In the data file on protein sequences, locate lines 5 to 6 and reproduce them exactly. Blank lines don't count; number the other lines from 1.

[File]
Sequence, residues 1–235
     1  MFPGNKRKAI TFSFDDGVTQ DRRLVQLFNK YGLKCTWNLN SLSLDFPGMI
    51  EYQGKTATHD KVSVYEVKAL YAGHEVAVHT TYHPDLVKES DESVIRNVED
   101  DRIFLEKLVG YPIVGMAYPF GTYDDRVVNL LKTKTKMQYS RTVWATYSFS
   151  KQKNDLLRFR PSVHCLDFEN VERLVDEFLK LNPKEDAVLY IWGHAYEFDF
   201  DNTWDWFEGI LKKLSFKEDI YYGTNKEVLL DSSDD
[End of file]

   151  KQKNDLLRFR PSVHCLDFEN VERLVDEFLK LNPKEDAVLY IWGHAYEFDF
   201  DNTWDWFEGI LKKLSFKEDI YYGTNKEVLL DSSDD